Waller, Bridget M. and Correia Caeiro, Catia and Davila-Ross, Marina (2015) Orangutans modify facial displays depending on recipient attention. PeerJ, 2015 (3). ISSN 2167-8359
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Primate facial expressions are widely accepted as underpinned by reflexive emotional processes and not under voluntary control. In contrast, other modes of primate communication, especially gestures, are widely accepted as underpinned by intentional, goal-driven cognitive processes. One reason for this distinction is that production of primate gestures is often sensitive to the attentional state of the recipient, a phenomenon used as one of the key behavioural criteria for identifying intentionality in signal production. The reasoning is that modifying/producing a signal when a potential recipient is looking could demonstrate that the sender intends to communicate with them. Here, we show that the production of a primate facial expression can also be sensitive to the attention of the play partner. Using the orangutan (Pongo pygmaeus) Facial Action Coding System(OrangFACS), we demonstrate that facial movements are more intense and more complex when recipient attention is directed towards the sender. Therefore, production of the playface is not an automated response to play (or simply a play behaviour itself) and is instead produced flexibly depending on the context. If sensitivity to attentional stance is a good indicator of intentionality, wemust also conclude that the orangutan playface is intentionally produced. However, a number of alternative, lower level interpretations for flexible production of signals in response to the attention of another are discussed. As intentionality is a key feature of human language, claims of intentional communication in related primate species are powerful drivers in language evolution debates, and thus caution in identifying intentionality is important. Â© 2015 Waller et al.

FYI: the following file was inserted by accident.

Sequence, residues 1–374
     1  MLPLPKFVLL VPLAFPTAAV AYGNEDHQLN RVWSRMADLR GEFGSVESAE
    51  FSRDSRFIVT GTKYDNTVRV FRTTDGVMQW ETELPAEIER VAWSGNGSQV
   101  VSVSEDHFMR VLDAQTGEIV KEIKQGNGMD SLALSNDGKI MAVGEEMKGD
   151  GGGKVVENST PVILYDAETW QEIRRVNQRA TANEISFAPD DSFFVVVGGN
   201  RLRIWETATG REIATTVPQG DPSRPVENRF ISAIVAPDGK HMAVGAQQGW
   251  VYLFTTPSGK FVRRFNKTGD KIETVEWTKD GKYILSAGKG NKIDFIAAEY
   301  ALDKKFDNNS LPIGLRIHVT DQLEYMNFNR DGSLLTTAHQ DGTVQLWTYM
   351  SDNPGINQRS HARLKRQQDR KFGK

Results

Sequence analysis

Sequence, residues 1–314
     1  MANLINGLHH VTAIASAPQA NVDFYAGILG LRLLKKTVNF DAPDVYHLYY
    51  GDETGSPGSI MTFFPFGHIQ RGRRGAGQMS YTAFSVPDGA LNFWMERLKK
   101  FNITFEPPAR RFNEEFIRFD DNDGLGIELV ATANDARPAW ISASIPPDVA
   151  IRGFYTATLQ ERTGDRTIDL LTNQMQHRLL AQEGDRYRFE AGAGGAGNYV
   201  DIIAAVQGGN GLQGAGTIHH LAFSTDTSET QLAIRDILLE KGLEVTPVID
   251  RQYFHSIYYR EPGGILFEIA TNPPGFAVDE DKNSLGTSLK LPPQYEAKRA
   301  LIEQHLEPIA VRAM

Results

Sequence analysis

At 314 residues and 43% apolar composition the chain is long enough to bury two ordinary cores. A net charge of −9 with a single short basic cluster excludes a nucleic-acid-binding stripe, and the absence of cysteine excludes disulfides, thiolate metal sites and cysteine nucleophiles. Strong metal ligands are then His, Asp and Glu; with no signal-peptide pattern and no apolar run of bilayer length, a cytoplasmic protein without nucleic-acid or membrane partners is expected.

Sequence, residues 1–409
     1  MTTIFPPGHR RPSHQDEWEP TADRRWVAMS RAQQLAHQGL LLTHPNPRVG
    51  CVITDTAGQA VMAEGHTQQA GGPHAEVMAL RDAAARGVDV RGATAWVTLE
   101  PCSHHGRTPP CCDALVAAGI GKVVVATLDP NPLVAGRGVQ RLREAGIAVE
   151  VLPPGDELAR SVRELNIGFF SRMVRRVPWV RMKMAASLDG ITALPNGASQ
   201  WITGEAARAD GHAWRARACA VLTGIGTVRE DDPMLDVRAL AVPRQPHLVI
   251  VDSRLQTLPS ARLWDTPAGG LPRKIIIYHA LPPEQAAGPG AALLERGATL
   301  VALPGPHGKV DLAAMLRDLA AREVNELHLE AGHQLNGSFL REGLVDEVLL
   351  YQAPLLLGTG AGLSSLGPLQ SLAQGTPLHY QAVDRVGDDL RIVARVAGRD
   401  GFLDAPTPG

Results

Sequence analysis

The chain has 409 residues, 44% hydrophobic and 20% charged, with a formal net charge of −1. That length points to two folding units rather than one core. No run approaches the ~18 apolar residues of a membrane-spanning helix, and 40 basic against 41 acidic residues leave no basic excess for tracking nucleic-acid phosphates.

|Additional Information:||This is an open access article distributed under the terms of the Creative Commons Attribution License,(CC-BY-4.0) which permits unrestricted use, distribution, reproduction and adaptation in any medium and for any purpose provided that it is properly attributed. For attribution, the original author(s), title, publication source (PeerJ) and either DOI or URL of the article must be cited.|
|Keywords:||animal behavior, animal communication, Article, attention, child, coding, data collection method, emotion, facial action coding system, facial expression, female, gesture, human, language, male, orang utan, preschool child, recipient attention, reliability, school child, Pongo pygmaeus, Primates, bmjgoldcheck|
|Subjects:||C Biological Sciences > C800 Psychology|
D Veterinary Sciences, Agriculture and related subjects > D300 Animal Science
C Biological Sciences > C820 Developmental Psychology
|Divisions:||College of Social Science > School of Psychology|
|Deposited On:||06 May 2015 15:37|
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